Why Does Chocolate Turn White?

Why Does Chocolate Turn White?

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Allison Russo
Feb 18, 2017
(Image credit: Apartment Therapy )

Ever pull out your once-pristine box of baking chocolate and notice that the chocolate has turned gray or white? You might think it's happened because your chocolate is old, but that's not necessarily true — and it doesn't mean that you should pitch that chocolate. Before you toss it out, stop and read this!

The culprit is something called chocolate bloom, which comes in two forms. It causes your previously pure and shiny chocolate to develop a grainy, splotchy appearance and a less-than-smooth texture.

What Is Chocolate Bloom?

The first type of bloom, fat bloom, is caused by liquid fat (like cocoa butter) migrating through the actual chocolate and crystallizing on its surface. The cocoa butter is literally separating from the candy and depositing itself on the outside of the chocolate.

Fat bloom can happen when there's a quick temperature change, or if you're keeping your chocolate in a warm space. It's also worth noting that chocolate with fillings, like caramel or nougat, often fall victim to fat bloom more quickly.

The other type is sugar bloom, which can happen if your chocolate is stored in a damp area. Moisture collects on the surface of the candy, drawing out the sugar; once the moisture evaporates, it leaves gray or white sugar crystals behind.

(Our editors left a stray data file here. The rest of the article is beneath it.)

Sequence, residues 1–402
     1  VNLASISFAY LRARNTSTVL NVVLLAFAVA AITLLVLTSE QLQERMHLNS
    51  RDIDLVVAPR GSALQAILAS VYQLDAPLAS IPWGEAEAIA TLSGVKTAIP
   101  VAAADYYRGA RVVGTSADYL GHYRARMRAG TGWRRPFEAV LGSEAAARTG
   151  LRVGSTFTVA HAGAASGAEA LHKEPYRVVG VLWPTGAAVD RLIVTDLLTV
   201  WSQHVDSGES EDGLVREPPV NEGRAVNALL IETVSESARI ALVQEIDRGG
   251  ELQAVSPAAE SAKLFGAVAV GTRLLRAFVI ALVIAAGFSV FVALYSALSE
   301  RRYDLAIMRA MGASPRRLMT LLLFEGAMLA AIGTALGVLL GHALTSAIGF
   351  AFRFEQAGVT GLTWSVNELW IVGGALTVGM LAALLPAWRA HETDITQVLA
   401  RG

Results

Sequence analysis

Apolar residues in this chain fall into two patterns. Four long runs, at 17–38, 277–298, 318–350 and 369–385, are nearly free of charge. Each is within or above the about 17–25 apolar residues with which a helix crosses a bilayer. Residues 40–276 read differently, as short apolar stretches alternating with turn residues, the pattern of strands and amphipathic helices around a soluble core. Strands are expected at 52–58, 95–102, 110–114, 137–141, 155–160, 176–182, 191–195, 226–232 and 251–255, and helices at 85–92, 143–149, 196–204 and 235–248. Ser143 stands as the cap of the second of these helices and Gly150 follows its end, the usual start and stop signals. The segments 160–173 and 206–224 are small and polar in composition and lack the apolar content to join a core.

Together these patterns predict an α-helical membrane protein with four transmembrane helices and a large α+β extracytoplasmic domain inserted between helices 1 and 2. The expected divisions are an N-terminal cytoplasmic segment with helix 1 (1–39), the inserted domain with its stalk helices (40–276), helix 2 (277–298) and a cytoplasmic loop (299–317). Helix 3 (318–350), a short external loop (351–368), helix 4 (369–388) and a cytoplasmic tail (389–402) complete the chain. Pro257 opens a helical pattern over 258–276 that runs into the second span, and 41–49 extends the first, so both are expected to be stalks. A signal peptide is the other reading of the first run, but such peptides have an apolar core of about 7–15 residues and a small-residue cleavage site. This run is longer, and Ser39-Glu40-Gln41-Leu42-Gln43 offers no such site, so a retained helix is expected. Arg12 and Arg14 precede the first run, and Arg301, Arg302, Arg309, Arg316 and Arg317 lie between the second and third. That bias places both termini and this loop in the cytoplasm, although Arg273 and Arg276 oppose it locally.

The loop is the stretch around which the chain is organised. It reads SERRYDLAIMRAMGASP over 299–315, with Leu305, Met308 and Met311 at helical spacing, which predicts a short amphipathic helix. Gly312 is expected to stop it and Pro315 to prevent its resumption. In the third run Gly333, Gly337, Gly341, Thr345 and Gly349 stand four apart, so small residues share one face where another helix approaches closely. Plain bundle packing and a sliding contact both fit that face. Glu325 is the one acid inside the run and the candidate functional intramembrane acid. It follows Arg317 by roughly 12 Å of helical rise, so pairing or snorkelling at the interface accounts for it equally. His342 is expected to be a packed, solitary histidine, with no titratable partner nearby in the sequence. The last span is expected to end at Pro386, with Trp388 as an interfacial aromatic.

How to Prevent Chocolate Bloom

To prevent your chocolate from blooming, keep the candy in an airtight container at about 70°F. The refrigerator is actually too humid for chocolate, so keep it in a cool part of your kitchen, like a dim pantry or on a low shelf.

If you allow your candy to sit through various temperature changes and an uncomfortable climate, it's not going to look as good as new anymore.

Can You Rescue It?

If you're a chocolate bar purist, you can reverse "bloomed" chocolate by melting it down and then molding it again — this brings the fat back into the actual candy.

You can also still eat it as is, even though it might not look as appetizing as it did when you first bought it. The texture might be a bit grainier, but the taste will be unaffected. Eat it as is, melt it up into hot cocoa, or chop it up for cookies — it will be totally fine.

Do you have any tips or suggestions for storing chocolate safely to keep it glossy and pristine?

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